Rampage says Machida is a drag

Quinton “Rampage” Jackson's contempt for Machida’s style is a result of his own approach in the...

Quinton “Rampage” Jackson's contempt for Machida’s style is a result of his own approach in the octagon.(REUTERS/Fabrizio Bensch)

DAVE POLLARD, QMI Agency

, Last Updated: 7:40 PM ET

Quinton “Rampage” Jackson has never been shy about expressing his disdain for Lyoto “The Dragon” Machida’s fighting style.

The former UFC light-heavyweight champ, who starred in the universally panned A-Team movie released earlier this year, has repeatedly called Machida’s karate-based style boring, saying the 32-year-old Brazilian’s fights are a sure-fire cure for insomnia.

And Jackson isn’t going to pull any punches just because Machida will be locked in a cage with him on Saturday.

“Why would it change because I’m matched up with him?” Jackson asked rhetorically. “Why would it change how I like his fighting style just cuz I’m matched up with him?”

Fans will get a chance to find out if Machida’s style is as sleep-inducing as Jackson thinks when the two ex-title holders meet in the co-main event of UFC 123 at The Palace of Auburn Hills in suburban Detroit.

Welterweights Matt Hughes and BJ Penn will square off in the third instalment of their trilogy - they’ve split the first two fights - in the other main event.

Jackson’s contempt for Machida’s style is a result of his own approach in the octagon. The 32-year-old Tennessee-born fighter is a powerful striker who has won nearly half of his 30 mixed-martial-arts fights by knockout.

“I’d rather fight people who are going to put on a show like me, stand and bang,” he said. “Those people are the true warriors, the true fighters. The way BJ Penn and Matt (Hughes) fight, I like watching guys like that fight.

"The other guys, you know, I’m not a fan of them at all. I feel I have to fight with true warrior spirit."

Fighting the way Machida does in the octagon isn’t what mixed-martial arts is about, Jackson insists, but instead resembles what goes down in its square-ringed cousin. And, as far as he’s concerned, that’s boring.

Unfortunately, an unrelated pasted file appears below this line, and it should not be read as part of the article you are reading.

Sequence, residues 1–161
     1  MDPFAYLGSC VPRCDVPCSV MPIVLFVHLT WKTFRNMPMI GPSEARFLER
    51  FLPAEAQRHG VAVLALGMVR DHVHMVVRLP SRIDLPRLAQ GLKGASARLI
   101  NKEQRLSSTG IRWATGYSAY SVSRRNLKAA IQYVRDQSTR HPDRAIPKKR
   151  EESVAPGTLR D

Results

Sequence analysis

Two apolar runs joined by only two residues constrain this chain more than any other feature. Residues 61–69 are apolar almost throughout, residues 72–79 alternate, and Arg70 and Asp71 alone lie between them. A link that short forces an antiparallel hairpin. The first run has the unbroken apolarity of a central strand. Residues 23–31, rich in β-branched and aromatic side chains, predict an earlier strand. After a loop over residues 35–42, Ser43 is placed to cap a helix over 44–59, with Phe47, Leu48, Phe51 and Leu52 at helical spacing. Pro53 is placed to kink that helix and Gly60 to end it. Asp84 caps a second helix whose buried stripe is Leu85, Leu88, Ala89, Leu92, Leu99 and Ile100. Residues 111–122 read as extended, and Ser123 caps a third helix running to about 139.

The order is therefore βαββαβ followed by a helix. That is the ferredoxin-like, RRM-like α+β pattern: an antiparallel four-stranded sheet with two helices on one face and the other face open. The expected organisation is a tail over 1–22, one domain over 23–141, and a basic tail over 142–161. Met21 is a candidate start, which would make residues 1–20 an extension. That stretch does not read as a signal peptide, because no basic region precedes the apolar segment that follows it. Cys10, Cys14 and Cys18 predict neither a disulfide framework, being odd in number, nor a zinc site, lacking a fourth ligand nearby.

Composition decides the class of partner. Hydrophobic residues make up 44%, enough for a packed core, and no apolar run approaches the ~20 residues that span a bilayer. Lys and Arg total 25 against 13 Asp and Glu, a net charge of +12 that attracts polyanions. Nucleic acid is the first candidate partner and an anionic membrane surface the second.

“It’s not like boxing where the guys are trying to out-point each other and go for the decision,” he said. “We’re MMA fighters, you understand. The best athletes in the world. I just hate to see our sport change into boxing where people are not even fighting anymore. I can’t watch a boxing match anymore.”

None of Jackson’s pre-fight trash talk seems to bother Portuguese-speaking Machida, who is coming off a knockout loss to Mauricio Rua in May that ended his undefeated streak at 16 and cost him the UFC light-heavyweight title he took from Rashad Evans a year earlier.

“Basically everyone has their own opinion,” Machida said, responding through an interpreter to Jackson’s criticism. “That’s someone’s opinion. I think this is a great matchup of style because Rampage is known to be aggressive, he likes to stand up.”

Despite the obvious contrast in styles, both fighters will be looking for the same thing on Saturday - redemption.

Both are coming off losses - Jackson was on the wrong end of a unanimous decision to Evans in late May - and are trying to re-establish themselves as contenders for the light-heavyweight belt. The winner could get a shot at Rua, but UFC president Dana White hasn’t promised anything yet.

After training for his fight with Evans in the United Kingdom, Jackson brought his camp back to the U.S. to get ready for Machida, who in turn spent some time at the American Kickboxing Academy in San Jose to tweak his wrestling skills. If the additional training by Machida has Jackson concerned, he’s not saying.

“Actually, I’m not worried about anything,” he said. “The fight is gonna go the way the fight is gonna go. I’m not going to worry about it. I’m going to fight my fight, not worry about anything.”

Penn, meanwhile, moved back up to welterweight (170 pounds) to take the fight with Hughes, who beat him by TKO in their second meeting four years ago. The last time the Hawaiian fought at that weight, he lost to Georges St. Pierre.

But if he stays at welterweight or drops back down to lightweight (155 pounds) - he lost his past two fights, both to Frankie Edgar, at that weight - will in part depend on how he fares against Hughes.

“If I do well against Matt and feel good at welterweight, I’d love to fight the best welterweights out there,” Penn said. “Matt has been looking great out there lately. We’ll see what Dana says. I know I’ve always had a goal to be welterweight champion again and I wouldn’t mind being the lightweight champion again. I’m just trying to take it one step at a time.”

Hughes, a 37-year-old UFC Hall of Famer who should be entering the twilight of his career but instead appears rejuvenated, is coming off three wins in a row after losing to Thiago Alves at UFC 85 in London. Another win over the 31-year-old Penn might put him in line for another chance at St. Pierre’s title.

“BJ has fought nothing but the best,” Hughes said. “I mean, look at his last fight with GSP. He has always done well no matter what weight class he’s at. So, yeah, this is a great fight for me.

“It’s a great fight for BJ, too. I am not Frankie Edgar, I don’t move around like Frankie Edgar. So I’m sure BJ is really liking this fight style-wise because I’m a lot different than his last opponent.”


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